On Dec. 1, 1924, the Boston Bruins played their very first game in the National Hockey League, and Boston Traveler sportswriter Frank Ryan gave the play-the-play for the radio broadcast.
Ryan’s wife, Madeleine, went to his parents’ house that night to listen to the game. She used a crystal radio receiver with earphones to hear Ryan make his debut as the voice of the Boston Bruins.
It was Monday night, and the Bruins were playing at the Boston Arena, the team’s home rink on St. Botolph Street. (The Boston Garden had not been built yet.) The inaugural game failed to draw a large crowd — according to one estimate, only 1,340 people showed up — but thanks to the WBZ radio broadcast, many more hockey fans got to hear Ryan’s voice over the airwaves describing the body checks and scuffles on the ice that night, as well as the pair of goals that propelled the B’s to their first-ever NHL victory, beating the Montreal Maroons by a score of 2 to 1.
“When Frank came home, we all told him how wonderful he did,” Madeleine Ryan later recalled. “He said ‘no, but next time it will be better.’ ”
The next day at the Bruins practice, Ryan went up to the press box with Bruins owner Charles Francis “C.F.” Adams, and together they worked on ways he could improve on calling plays and describing the action on the ice as it happened.
When Ryan went on the air at the next home game, listeners could tell the difference. The Bruins management received letters and phone calls praising Ryan’s work as a play-by-play announcer. Many thought that a new announcer had been hired.
Ryan even received fan mail from Canada. One fan in New Brunswick sent Ryan a handwritten letter praising him for his ability to keep up with the fast-paced game of hockey and make listeners seem like they were there. “I have heard sporting events over the air before,” the man wrote, “but never have I heard anything put over like you put the Canadiens and Bruins game last night, I tell you it was great.”
That handwritten letter, dated Dec. 9, 1924, is just one of many pieces of memorabilia that Frank Ryan’s 88-year-old daughter, Janice Ryan Plas, has preserved from her father’s illustrious broadcasting career.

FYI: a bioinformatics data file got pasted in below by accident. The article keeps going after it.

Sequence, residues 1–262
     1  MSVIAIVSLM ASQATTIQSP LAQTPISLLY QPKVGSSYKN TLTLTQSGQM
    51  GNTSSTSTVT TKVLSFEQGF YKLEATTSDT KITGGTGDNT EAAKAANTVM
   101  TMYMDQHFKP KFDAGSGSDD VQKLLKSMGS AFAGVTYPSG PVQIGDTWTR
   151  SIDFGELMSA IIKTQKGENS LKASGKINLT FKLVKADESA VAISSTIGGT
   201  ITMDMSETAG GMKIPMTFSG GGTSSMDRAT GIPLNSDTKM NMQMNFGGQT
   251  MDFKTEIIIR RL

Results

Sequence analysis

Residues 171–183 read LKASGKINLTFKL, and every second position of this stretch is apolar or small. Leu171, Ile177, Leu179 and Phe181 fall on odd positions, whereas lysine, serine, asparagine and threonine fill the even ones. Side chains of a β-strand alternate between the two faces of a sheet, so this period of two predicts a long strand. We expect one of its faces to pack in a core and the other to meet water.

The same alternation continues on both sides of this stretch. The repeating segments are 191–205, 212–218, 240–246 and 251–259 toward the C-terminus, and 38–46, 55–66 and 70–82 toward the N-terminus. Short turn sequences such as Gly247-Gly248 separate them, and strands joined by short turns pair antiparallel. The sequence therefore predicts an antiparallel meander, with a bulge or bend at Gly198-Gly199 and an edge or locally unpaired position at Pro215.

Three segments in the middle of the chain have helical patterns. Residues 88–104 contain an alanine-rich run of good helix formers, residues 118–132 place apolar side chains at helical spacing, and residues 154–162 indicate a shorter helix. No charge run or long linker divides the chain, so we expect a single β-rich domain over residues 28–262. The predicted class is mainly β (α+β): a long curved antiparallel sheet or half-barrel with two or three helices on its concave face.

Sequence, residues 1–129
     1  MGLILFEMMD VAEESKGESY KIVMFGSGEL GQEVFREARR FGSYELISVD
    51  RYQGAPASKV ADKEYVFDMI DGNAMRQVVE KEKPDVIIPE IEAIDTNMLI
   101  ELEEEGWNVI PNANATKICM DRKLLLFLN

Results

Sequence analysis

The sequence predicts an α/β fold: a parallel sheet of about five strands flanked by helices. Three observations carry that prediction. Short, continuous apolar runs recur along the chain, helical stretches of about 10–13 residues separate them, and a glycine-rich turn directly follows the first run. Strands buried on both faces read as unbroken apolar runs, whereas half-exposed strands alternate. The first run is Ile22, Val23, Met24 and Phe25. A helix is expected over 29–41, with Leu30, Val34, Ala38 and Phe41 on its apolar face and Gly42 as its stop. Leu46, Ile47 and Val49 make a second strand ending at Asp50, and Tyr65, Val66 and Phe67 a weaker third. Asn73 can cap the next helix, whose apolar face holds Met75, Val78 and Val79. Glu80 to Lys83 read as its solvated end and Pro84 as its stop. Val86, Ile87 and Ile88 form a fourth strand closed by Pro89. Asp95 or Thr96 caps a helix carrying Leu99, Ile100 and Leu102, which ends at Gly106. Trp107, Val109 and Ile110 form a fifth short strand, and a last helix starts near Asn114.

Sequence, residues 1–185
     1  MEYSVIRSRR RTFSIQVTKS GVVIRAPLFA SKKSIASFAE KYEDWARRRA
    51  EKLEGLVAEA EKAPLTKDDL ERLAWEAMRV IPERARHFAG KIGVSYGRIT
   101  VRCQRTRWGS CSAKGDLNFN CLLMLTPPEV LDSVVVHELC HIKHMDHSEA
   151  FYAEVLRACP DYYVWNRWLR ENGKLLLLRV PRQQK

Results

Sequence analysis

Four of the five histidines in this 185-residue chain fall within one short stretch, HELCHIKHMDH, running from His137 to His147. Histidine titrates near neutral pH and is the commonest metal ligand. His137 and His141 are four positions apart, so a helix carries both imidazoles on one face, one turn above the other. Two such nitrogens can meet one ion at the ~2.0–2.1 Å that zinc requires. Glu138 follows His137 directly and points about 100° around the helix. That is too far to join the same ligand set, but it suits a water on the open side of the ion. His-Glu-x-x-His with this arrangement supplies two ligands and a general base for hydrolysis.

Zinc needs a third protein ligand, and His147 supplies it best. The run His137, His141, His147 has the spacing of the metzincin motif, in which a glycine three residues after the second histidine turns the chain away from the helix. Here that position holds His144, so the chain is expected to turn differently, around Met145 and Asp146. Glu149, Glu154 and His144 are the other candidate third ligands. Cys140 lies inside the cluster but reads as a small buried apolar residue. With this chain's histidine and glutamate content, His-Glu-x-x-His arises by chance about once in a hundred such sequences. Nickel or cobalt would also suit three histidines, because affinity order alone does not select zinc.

In the living room of her Plymouth home sits a silver trophy cup that was given to her father early in his career. The inscription reads: “Presented by WBZ Radio Hockey Fans to Frank Ryan, in grateful appreciation of the many hours of pleasure afforded by his broadcasts of the Boston Bruins Hockey Games. December 25, 1926.”
“It’s gorgeous,” she said.
She said her father took his job seriously and practiced with flash cards to learn the names and numbers of visiting teams’ players before each game.
“My mother used to help my dad with the index cards, to help him memorize the numbers,” she said.
As the years went by, and Ryan continued to broadcast Bruins games, many credited him with helping make professional hockey successful in Boston.
Donna Halper, a professor of media studies at Lesley University, said Ryan was at the forefront of sportscasting along with Gus Rooney, who broadcast the first Red Sox game for WNAC in 1926.
“They were pioneers of broadcast journalism,” she said. “This was totally new.”
Being able to hear live sporting events on the radio was a novelty to many people in the 1920s.
“The fans were amazed,” she said. “Today we take this for granted.”
Ryan remained the official voice of the Boston Bruins until 1952, when a young radio announcer named Fred Cusick came on board and took over the play-by-play duties.
Ryan remained a diehard Bruins supporter to the very end.
In December 1961, Ryan was ill and in the hospital, but the B’s were still on his mind.
When a priest came in and started giving him his last rites, Ryan turned to him and said, “When I get out of here, father, I’m taking you to the next Bruins game.”
The priest said, “Keep quiet, Frank, I’m anointing you.”
After he was anointed, Ryan brightened up and told the priest that they’d go to the game together and “you’ll really see some sports action.”Emily Sweeney can be reached at firstname.lastname@example.org. Follow her on Twitter @emilysweeney.